The study was conducted in kindergarten and first-grade classrooms in public schools in poor rural counties in Nebraska, New Mexico, North Carolina, and Texas.
Sixteen rural schools were assigned to matched pairs based on district, school size, school participation in Reading First, and the percentages of students who were minorities and receiving free or reduced-price lunch. One school in each pair was randomly selected for the intervention. One intervention school later left the study due to problems with Internet connectivity. All kindergarten and first-grade classrooms in the remaining 15 schools were included in the study. Teachers identified struggling readers using state assessment data, classroom observation information, and input from the TRI literacy coach. Within each classroom, five struggling readers were randomly selected for the study, for a total of 385 students (220 in the intervention group and 165 in the comparison group). The analytic sample included 247–250 students (158–160 in the intervention group and 87–90 in the comparison group, depending on study outcome) across 15 schools (seven intervention and eight comparison). Over half of the sample was male (63% in the intervention group and 54% in the comparison), and less than half were White (49% in the intervention group and 39% in the comparison group).
Teachers in TRI schools attended a 3-day summer workshop on TRI strategies. During the school year, TRI teachers received biweekly observation and feedback from TRI literacy coaches, and met biweekly with other TRI teachers and their TRI literacy coach to reinforce strategies and problem solve. TRI teachers also participated in workshops every few months to obtain support with understanding of the TRI process, models, and strategies. All school-year support was provided via webcam. The TRI program also provides a website with instructional resources and the ability to interact with coaches via email.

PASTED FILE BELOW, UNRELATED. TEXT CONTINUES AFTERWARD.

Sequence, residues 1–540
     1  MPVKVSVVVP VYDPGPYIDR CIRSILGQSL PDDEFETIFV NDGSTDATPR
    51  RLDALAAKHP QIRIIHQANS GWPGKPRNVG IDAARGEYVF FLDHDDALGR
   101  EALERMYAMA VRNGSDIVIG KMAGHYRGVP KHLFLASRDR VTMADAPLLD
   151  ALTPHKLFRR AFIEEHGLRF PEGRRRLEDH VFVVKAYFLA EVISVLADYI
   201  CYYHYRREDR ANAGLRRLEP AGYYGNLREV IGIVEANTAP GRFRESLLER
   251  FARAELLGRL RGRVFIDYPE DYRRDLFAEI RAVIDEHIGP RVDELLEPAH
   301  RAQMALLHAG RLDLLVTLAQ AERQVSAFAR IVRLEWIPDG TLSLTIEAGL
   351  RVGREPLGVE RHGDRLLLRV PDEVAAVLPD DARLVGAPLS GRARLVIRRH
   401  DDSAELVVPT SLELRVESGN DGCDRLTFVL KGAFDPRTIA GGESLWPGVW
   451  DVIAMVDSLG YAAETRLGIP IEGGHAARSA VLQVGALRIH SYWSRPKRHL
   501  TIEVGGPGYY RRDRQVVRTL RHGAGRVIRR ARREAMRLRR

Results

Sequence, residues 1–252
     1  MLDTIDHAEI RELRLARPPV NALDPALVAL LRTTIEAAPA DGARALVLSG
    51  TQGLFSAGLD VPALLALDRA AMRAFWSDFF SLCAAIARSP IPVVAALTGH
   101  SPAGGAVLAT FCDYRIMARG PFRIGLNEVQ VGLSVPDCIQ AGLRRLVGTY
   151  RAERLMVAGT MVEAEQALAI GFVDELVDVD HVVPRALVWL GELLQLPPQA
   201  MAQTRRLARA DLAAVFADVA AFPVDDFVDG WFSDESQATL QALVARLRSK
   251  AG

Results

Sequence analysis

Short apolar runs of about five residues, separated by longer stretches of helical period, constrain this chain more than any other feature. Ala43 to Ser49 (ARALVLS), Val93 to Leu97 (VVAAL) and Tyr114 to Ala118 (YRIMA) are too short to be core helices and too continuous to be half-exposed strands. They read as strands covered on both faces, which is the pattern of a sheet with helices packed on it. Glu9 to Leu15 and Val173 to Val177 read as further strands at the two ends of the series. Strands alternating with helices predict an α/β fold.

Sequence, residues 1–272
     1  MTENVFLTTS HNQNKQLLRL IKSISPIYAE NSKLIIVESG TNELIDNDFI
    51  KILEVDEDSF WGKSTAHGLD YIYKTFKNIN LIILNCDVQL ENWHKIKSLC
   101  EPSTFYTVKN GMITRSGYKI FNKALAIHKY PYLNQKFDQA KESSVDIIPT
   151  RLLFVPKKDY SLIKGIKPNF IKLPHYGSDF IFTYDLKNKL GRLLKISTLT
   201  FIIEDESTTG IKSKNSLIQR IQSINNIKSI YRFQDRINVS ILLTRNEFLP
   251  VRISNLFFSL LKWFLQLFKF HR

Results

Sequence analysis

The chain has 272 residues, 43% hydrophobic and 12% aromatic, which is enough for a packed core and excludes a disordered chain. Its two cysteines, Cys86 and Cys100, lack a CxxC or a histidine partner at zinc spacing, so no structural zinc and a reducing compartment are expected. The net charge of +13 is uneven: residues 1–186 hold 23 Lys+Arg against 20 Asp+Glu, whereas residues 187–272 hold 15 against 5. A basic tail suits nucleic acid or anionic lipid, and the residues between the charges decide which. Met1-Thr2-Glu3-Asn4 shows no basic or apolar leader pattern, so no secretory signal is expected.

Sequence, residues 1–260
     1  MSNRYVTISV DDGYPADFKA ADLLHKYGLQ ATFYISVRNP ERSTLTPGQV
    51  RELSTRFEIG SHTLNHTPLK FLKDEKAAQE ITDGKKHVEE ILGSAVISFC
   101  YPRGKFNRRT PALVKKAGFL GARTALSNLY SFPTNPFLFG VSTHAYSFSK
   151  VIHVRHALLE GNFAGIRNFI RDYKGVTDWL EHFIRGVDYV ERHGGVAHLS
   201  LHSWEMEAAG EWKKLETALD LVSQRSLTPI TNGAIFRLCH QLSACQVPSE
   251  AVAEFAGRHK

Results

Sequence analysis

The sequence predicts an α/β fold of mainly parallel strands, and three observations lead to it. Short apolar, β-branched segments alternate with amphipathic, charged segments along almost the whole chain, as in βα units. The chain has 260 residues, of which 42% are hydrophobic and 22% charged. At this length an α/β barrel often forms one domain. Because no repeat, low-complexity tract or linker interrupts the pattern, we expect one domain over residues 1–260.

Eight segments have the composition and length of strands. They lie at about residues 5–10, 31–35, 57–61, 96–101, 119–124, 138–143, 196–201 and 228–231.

During the school year, teachers delivered ongoing one-on-one reading instruction for struggling readers in 15-minute sessions. Each session included the following three components: (1) re-reading selected texts for fluency; (2) “word work” using letter tiles to demonstrate the alphabetic principle, teach phoneme–grapheme relationships, support phonemic awareness development, and improve student recognition of sight words; and (3) guided oral reading (more detail on the three components is provided in the study). Teachers worked individually with a student for an average of 14 sessions over the course of the year. When students made progress, they were placed in a small group, and another struggling reader began receiving one-on-one instruction from the teacher.
Students in the comparison condition continued to receive normal reading instruction, without the use of the TRI, via their regular classroom teacher or other school staff.
Support for implementation
All of the TRI coaches had experience as teachers and/or reading coaches in early elementary school. Most were doctoral students in education. The coaches received feedback from the intervention director by providing videotapes of their own teaching of individual students. The coaches received additional feedback throughout the school year, with a particular focus on how to motivate teachers to implement the TRI well.